The identity of the two year old boy savaged by a pack of eleven wild African painted dogs has been released as Maddox Derkosh who it is now understood had no chance of surviving the horrific attack after falling off the railings his mother placed him along in an effort to get a better look at the dogs.
At present it has yet to be understood whether the boy died as a consequence of falling into the 11 foot deep dog pit or as a result of being eaten alive by the pack who despite zoo keepers and later intervening police officers could not be kept at bay. Nevertheless it now appears that the child was indeed killed by the animals and not by the fall, making the boys death that more horrific.
Reports the UK’s dailymail: Barbara Baker, CEO and president of the Pittsburgh Zoo and PPG Aquarium said there is a net below the rail, but the boy bounced off it and into the enclosure.
She said the animals attacked the child so quickly that by the time a veterinarian and other zoo staffers arrived seconds later, they determined it would have been futile to try to rescue the child.
Authorities said that zoo staff and then police responded ‘within minutes’ but visitors described that time as being filled with screams for help.
It is also understood that in May of this year some of the dogs crawled under a fence and escaped into a part of the exhibit that’s usually closed. The animals were lured back in with food and no one was hurt. The escape has led to some questioning whether the dog exhibit was appropriate to maintain in the first place.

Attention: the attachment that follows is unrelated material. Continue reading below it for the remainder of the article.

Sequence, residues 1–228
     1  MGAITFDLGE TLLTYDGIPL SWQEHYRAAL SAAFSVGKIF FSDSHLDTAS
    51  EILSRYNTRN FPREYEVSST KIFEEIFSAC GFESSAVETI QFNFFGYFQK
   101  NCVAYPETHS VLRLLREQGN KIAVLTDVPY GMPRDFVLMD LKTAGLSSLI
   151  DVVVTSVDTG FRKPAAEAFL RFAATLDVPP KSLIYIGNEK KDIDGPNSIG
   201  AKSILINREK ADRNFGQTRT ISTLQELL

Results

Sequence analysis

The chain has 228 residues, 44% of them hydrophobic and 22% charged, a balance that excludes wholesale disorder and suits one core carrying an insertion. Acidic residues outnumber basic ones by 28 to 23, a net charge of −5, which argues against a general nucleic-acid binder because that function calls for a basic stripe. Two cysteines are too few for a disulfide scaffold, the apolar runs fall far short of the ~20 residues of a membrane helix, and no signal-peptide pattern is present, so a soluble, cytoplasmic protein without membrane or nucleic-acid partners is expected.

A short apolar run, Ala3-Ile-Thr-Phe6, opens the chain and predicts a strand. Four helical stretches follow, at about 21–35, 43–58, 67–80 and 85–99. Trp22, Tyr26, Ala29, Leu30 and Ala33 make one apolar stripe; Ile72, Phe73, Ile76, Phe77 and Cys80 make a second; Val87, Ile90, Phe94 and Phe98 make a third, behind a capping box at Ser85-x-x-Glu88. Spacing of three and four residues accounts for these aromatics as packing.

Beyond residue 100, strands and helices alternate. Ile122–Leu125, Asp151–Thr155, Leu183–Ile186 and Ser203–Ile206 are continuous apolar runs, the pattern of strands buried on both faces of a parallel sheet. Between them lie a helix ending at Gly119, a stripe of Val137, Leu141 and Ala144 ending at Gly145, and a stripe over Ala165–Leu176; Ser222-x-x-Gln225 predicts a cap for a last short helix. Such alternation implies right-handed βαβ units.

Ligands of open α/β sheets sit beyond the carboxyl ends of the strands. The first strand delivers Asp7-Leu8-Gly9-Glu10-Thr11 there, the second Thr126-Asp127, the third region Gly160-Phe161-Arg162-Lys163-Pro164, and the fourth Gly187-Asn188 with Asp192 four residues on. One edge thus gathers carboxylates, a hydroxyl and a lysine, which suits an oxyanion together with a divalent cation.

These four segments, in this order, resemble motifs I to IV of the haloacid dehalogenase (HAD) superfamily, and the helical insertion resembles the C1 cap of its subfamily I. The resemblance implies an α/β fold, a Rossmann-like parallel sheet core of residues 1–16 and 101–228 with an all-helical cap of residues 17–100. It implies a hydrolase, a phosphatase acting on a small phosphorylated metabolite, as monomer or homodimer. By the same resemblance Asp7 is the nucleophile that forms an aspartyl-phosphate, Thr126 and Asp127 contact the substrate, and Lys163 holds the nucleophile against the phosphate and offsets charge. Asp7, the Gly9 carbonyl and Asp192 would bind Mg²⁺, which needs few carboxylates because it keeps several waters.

At present it is understood authorities and the Allegheny County medical examiner’s office are Police and the Allegheny County medical examiner’s office are investigating the incident and have yet to have interviewed the mother or father, Jason and Elizabeth Derkosh who are receiving grief counseling.
At the time of the incident the father was not at the zoo with his son and the child’s mother.
The incident to date has fostered a variety of heartfelt comments, as well as strong condemnation of the mother and to some degree the zoo.
According to the dailymail, the following is understood about the African painted dog:
The African wild dog is an endangered species which typically roams the open plains and sparse woodlands of sub-Saharan Africa.
The dog’s Latin name Lycaon pictus means ‘painted wolf’ because of the animal’s patchy colored coat of red, black, brown, white and yellow fur, each with their own unique pattern.
These dogs are very social, and packs have been known to share food and to assist weak or ill members. In fact after a successful hunt, the dogs regurgitate meat for those that remained at the den.
They hunt in packs of six to 20 and despite their small size they prey on large animals like antelopes and wildebeests.
They kill the larger prey by disemboweling, a technique that is rapid but has caused this species to have a negative, ferocious reputation.
They are often hunted and killed by farmers who fear for their domestic animals and are susceptible to diseases spread by domestic animals.
Its large teeth allow it to consume a lot of bone in the same way a hyena does and it has a bite force quotient – BFQ, the strength of bite relative to the animal’s mass - measured at 142, the highest of any carnivore, except for the Tasmanian devil.
They are extremely aggressive and nearly 80 per cent of their hunts end in a kill – as opposed to a lion with a success rate of just 30 percent.
There were once approximately 500,000 African wild dogs in 39 countries, and packs of 100 or more were not uncommon. Now there are only about 3,000-5,500 in fewer than 25 countries